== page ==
I mention this not because you should be interested in Scottish politics but because it’s very common everywhere in the Western world. The opinion is, “What you believe about God is not critical. It is social problems that are critical. Whether you believe in God at all is not critical. The important thing is how do we get along? How can we treat one another with respect?”

These laws deal with the respect of personal property and stewardship. What Mr. Mayor missed was that Christ did not come to make us moral, but to rescue us. Morality is simply the by-product and not the end goal of Redemption.

Mr. Mayor, on what basis should I treat other human beings with kindness and respect? Mr. Mayor, on what basis should I be unselfish? Why should I deny myself anything? On what basis? If there is no God, the only reasonable answer to the question, “What are we?” is there is no difference between a human being and a bag of chemicals, our feelings to the contrary notwithstanding. If there is no God, we are all results of the accidental collision of molecules.

Christianity holds the view God created the world. It is his. Treating anything as “fully and completely” as our shows that we do not understand how gracious our Creator is in sharing his world with us. The cross shows us that even though God had everything, he gave it all up to die on a cross with us. “For you know the grace of our Lord Jesus Christ, that sthough he was rich, yet for your sake he became poor, so that you by his poverty might become rich.” (2 Cor 8:9)

God’s grace make us generous. It makes us honest in not stealing hours from our boss, not over billing hours to our clients. “Let the thief no longer steal, but rather let him labor, doing honest work with his own hands, so that he may have something to share with anyone in need.” (Eph 4:28)

Robert Murray M’Cheyne, a great Scottish preacher, put it this way. He said, “To give largely and liberally, not grudging at all, requires a new heart; an old heart would rather part with its lifeblood than its money.”

God’s grace makes us generous. Today be generous with your boss, with your clients, with your friends, and with your family. It is the only appropriate response to the Grace of God giving his life for you on a cross.

Common Interests


Ex. 21:1   “Now these are the rules that you shall set before them. 2 When you buy a Hebrew slave, he shall serve six years, and in the seventh he shall go out free, for nothing.

Read Exodus 21:1-11

Grady Smith the writer for Entertainment Weekly “came out” recently. Yes, he admitted to his colleagues that he is a Christian. Tattooed on his arm are the words, “and that is what some of you were.”(1 Cor 6:11)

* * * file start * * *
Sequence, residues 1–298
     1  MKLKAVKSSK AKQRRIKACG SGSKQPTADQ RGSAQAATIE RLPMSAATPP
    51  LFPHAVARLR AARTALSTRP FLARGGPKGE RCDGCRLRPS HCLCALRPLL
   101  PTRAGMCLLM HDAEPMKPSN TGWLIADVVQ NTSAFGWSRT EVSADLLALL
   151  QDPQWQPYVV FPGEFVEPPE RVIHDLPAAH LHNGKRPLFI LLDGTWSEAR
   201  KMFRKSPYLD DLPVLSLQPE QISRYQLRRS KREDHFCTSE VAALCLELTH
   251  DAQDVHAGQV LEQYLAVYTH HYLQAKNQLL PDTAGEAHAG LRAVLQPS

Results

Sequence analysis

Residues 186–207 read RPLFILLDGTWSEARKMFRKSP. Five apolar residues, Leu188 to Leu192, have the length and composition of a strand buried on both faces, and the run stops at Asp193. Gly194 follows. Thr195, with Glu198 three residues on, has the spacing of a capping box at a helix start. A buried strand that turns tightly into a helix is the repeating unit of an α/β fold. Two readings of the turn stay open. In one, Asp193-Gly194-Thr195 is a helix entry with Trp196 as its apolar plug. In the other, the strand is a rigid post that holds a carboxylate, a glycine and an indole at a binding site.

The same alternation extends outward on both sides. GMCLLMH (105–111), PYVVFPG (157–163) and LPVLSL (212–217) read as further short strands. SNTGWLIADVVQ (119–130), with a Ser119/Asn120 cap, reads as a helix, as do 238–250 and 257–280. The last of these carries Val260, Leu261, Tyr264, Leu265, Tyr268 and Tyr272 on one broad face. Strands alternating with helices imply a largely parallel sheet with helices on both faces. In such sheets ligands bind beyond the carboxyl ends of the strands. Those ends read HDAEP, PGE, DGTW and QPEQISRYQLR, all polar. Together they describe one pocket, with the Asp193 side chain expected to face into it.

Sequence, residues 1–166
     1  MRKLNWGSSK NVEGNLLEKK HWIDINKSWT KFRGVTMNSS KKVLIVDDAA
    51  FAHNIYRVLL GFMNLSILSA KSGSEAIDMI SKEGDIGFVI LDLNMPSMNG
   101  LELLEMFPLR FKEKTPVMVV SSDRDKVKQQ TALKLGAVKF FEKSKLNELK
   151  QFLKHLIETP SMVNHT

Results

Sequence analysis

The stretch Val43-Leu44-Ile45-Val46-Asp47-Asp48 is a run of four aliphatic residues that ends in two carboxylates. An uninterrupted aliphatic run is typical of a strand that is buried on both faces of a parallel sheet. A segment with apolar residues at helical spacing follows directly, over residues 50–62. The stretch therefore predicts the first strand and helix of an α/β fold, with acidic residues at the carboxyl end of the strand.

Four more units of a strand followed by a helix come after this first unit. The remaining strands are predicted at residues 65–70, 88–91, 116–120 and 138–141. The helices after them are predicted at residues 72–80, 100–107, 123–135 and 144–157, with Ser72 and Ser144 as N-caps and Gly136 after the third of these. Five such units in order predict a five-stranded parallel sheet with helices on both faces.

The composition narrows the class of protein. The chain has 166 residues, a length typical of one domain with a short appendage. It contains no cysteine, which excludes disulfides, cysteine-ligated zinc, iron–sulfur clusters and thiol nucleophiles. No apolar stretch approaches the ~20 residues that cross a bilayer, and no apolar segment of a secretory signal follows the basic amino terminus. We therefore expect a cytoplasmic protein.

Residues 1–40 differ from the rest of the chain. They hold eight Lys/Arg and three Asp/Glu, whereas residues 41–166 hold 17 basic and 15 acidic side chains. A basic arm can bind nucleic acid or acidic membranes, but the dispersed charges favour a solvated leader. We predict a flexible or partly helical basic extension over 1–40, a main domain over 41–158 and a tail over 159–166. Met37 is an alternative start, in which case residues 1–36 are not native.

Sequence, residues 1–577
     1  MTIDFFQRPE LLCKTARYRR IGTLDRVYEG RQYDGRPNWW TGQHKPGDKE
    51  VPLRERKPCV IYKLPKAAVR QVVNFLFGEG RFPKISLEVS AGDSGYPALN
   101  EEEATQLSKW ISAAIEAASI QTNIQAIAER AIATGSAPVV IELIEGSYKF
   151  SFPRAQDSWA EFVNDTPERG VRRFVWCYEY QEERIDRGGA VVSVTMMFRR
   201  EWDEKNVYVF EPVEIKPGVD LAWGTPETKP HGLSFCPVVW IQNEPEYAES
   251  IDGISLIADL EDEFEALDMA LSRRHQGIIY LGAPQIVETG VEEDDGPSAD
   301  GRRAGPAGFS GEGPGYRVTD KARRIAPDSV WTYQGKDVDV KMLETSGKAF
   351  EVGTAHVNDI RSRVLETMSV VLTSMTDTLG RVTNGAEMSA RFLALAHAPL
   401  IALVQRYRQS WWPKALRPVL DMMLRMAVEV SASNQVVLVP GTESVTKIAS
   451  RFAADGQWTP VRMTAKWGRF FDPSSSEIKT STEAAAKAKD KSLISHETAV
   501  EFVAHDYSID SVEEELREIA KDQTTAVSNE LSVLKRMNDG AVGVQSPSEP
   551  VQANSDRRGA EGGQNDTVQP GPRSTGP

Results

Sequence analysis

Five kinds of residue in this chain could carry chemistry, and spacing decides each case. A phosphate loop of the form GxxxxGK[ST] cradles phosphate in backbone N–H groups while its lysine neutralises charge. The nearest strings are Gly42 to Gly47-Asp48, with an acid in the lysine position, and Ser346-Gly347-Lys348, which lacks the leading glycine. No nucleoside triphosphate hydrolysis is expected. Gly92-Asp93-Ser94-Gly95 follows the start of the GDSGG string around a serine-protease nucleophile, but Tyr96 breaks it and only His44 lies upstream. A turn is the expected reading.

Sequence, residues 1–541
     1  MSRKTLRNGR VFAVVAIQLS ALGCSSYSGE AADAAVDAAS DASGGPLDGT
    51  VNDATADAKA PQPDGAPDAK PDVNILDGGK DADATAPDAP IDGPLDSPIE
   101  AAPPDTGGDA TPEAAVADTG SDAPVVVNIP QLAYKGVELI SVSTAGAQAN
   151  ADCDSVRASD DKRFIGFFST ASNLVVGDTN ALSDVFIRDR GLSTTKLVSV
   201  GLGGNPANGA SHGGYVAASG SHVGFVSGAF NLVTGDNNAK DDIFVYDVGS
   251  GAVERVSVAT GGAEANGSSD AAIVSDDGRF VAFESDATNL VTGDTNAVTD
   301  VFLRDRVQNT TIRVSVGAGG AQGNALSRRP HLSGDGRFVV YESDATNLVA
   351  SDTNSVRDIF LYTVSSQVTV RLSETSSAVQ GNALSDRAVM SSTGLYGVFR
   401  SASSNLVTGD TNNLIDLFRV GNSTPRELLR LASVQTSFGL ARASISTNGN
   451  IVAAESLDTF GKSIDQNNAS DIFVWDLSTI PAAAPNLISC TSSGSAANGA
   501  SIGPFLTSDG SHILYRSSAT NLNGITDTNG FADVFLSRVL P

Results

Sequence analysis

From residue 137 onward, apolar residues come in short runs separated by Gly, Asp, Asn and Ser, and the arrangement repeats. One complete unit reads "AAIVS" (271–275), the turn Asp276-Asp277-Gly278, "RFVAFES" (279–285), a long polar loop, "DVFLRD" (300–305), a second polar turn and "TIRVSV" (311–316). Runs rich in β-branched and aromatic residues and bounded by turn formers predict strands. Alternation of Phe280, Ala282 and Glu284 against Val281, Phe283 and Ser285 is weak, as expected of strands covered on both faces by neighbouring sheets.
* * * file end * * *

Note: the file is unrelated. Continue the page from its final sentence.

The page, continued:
He is humorously illustrating how we find it nearly impossible to identify with anyone who has not shared our experience. As a Christian we are all part of this beautiful mess called humanity. Paul writes to the Corinthians, “You used to be just like your colleagues. You still needed redemption and grace.”

It is only apt that God would begin His commandments for communal living to his people with laws concerning the treatment of slaves. God’s desire for humanity is that they practice justice. “You shall remember that you were a slave in the land of Egypt, and the LORD your God redeemed you; therefore I command you this today.” (Deut 15:15)

What God is basically saying is, “You used to be a slave. Now you are redeemed. Now you are a son. Treat everyone else like a son.”

The basis for dealing equitably and justly does not spring from a sense of moral superiority, it springs from a shared sense of family in the beautiful mess called humanity. We humans are capable of great acts of kindness and at the same time such acts of barbarism.

The realization that “once we were slaves, and now we are free,” should fill our hearts with compassion to those who are still enslaved by fear, worry, doubt, and stress. Paul puts it this way “And that is what some of you were. But you were washed, you were sanctified, you were justified in the name of the Lord Jesus Christ and by the Spirit of our God.” (1Cor. 6:11)

The degree and measure that you give Grace to others directly shows how much Grace “think” you have received from God. If everyone in the world owes you something, it inherently stems from the fact that you actually believe God owes you something. If everyone in the world is deserving of grace, “or goes free for nothing” (Ex 21:1), then you may actually have grasped that you received a salvation that was extremely costly to God and extremely free to you.

Perfect Score

And God spoke all these words,

Exodus. 20:1

Because lawlessness shall abound, the love of many will grow cold.
Matthew 24:12

Read Exodus 20:1-21

Throughout the world many will be tuning into Brazil to see many nations competing on the fields of friendly strife of football. With the World Cup kick off the very thing that makes football understandable and enjoyable is that there are rules in place to turn it from a gaggle of 22 players into a beautiful sport. Without laws governing football, the game would be impossible to be played.

Have you ever wondered what the purpose of the Ten Commandments was? What is the purpose of the Law? Is it simply to impose a heavy burden. Is it a way to show us how to achieve a 10 out of 10 Score? Are they 10 ways to be perfect?

The Law serves three purposes. An easy way to remember this is SOS . 1. The Law Shows us Our Sin. 2. The Law Shows us Our Savior. 3. The Law Shows us Sactification.

SOS Shows us our Sin

The first aspect of the Law can be described as prohibitive. It tells us what not to do.